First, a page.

Return the Kumquats to the Syrup and let marinate overnight before serving so they plump up more or put Kumquats on a wire rack over a baking pan and let dry overnight. Then roll in sugar before serving.

Keep the remaining Syrup in the refrigerator and use for Tea or add to Tea to sweeten it, add to Sparkling Water, use as a Pancake Syrup and as a Glaze for Ham or a Pork Roast.

Five Element Analysis

Kumquats belong to the Wood and Fire Elements because you eat mostly the Peel, which is Fiery as it is bitter, but the inside flesh is quite sour. Candying them brings in the Earth Element and adding any of the spices contributes the Metal Element. While this is clearly not a dish to eat by itself, it does add some strong elements to a Tray of Togetherness that is served at Chinese New Year.


Wednesday, February 3, 2016

Fried Lotus Root


I am in countdown mode for Chinese New Year and will start shopping today. I make lots of lucky foods (see Chinese New Year Foods on Pages). But I also wanted to give you another food to try that is considered very lucky - Fried Lotus Root.  Isn't it beautiful? And you know I love beautiful food!  It symbolizes Continuing Wealth so be sure to eat it sometime during the two week New Year period. 

Lotus is my Chinese name and I have always been fascinated with the fact that you can eat just about every part of the plant. The Root in Chinese Medicine is considered very good for preventing and stopping bleeding. It is also considered good food for the Liver, Lungs and Stomach.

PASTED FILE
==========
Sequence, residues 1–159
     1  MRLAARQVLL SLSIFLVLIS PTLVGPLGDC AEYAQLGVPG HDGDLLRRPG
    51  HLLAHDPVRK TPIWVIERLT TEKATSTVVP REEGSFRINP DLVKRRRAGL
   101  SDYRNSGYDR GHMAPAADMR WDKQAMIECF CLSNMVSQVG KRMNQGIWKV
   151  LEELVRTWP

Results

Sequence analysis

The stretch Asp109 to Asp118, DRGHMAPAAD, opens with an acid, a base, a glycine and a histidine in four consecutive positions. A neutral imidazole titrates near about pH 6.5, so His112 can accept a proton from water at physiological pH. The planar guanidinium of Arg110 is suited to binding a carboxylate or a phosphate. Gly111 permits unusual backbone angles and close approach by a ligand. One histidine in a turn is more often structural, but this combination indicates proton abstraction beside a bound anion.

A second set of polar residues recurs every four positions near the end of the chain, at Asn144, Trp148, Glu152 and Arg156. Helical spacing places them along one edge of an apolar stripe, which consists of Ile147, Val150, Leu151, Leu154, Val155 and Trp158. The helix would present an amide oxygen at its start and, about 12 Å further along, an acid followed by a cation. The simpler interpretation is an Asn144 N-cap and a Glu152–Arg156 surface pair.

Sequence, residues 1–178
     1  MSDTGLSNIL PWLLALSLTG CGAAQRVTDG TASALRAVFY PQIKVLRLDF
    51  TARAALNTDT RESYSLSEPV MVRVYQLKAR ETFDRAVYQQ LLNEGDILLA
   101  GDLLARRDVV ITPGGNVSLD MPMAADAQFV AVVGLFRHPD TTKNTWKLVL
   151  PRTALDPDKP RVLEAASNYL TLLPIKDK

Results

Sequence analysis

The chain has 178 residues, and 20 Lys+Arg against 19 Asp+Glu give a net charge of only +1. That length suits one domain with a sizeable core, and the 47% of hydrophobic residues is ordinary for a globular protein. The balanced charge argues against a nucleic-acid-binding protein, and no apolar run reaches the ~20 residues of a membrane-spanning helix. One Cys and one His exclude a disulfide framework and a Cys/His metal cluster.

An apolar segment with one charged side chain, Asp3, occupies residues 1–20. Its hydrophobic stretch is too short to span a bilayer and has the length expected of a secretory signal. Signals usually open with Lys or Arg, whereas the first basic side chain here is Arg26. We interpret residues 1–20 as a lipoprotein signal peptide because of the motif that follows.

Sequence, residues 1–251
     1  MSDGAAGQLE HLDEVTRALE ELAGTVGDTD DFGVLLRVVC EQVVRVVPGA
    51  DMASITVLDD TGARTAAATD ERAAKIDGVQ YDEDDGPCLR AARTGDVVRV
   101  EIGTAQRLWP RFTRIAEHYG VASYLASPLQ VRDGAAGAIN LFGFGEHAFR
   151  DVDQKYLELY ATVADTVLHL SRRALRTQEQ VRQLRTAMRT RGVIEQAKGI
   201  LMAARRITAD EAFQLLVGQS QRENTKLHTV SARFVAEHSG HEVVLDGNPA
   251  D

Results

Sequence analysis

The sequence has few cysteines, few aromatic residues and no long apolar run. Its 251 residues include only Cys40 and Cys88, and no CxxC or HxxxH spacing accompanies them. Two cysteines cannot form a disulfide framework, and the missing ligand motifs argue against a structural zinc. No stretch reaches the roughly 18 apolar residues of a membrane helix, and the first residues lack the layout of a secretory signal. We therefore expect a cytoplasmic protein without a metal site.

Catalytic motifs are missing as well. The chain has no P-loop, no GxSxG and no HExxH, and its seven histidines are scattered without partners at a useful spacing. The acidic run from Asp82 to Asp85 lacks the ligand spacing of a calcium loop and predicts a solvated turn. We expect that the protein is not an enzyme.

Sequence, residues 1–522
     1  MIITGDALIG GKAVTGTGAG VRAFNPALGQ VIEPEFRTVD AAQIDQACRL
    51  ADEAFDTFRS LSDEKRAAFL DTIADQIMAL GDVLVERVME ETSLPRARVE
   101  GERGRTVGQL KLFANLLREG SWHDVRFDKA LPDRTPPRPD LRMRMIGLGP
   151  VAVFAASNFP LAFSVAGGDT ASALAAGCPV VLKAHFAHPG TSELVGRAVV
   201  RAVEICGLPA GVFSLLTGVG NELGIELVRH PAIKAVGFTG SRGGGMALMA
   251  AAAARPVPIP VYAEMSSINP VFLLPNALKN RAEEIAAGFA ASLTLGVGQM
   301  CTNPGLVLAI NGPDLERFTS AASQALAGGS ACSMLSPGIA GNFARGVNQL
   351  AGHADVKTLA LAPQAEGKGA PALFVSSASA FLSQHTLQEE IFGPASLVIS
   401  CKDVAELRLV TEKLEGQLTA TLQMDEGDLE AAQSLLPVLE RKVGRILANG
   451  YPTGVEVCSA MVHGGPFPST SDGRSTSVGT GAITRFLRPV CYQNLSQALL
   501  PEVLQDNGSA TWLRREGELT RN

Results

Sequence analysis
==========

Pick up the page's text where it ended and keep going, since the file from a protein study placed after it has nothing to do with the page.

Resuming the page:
This dish is so easy to make and it is delicious - my son says that Fried Lotus Root tastes a lot like French Fries with an internal crunch. All that's required to make it is to buy Fresh Lotus Root which comes in connected sections. You peel it and slice it and then pan fry it in a small amount of oil. Sometimes you can find it already peeled and sliced, but be sure to dry it thoroughly as it is usually packed in some liquid. Then sprinkle with salt an enjoy - that's it!  Lucky Food made easily....

Fried Lotus Root

4 - 5 Segments of Lotus Root
1/4 cup to 1/2 cup of Vegetable Oil (I use High Heat Safflower)
Sea Salt to Taste (about 1 teaspoon total)

Break Lotus Root into individual sections and cut off stem and connector ends. Then peel with a vegetable peeler. Slice into 1/4 - 1/2 inch pieces.  Heat oil in a frying pan and place Lotus Root pieces in carefully. Cook until golden brown on one side and then slip over and cook until Golden Brown on the other side.  Drain on Paper Towels and Sprinkle with Sea Salt. Repeat until all slices are done.  

Five Element Analysis

As a root vegetable, Lotus Root belongs to the Wood Element, but because it is White, it is also a bit Metallic. The cooking method, frying, is Fiery and the Salt adds a little Water. While this snack is definitely not a balanced meal, it can contribute to your Five Element food balance for the day!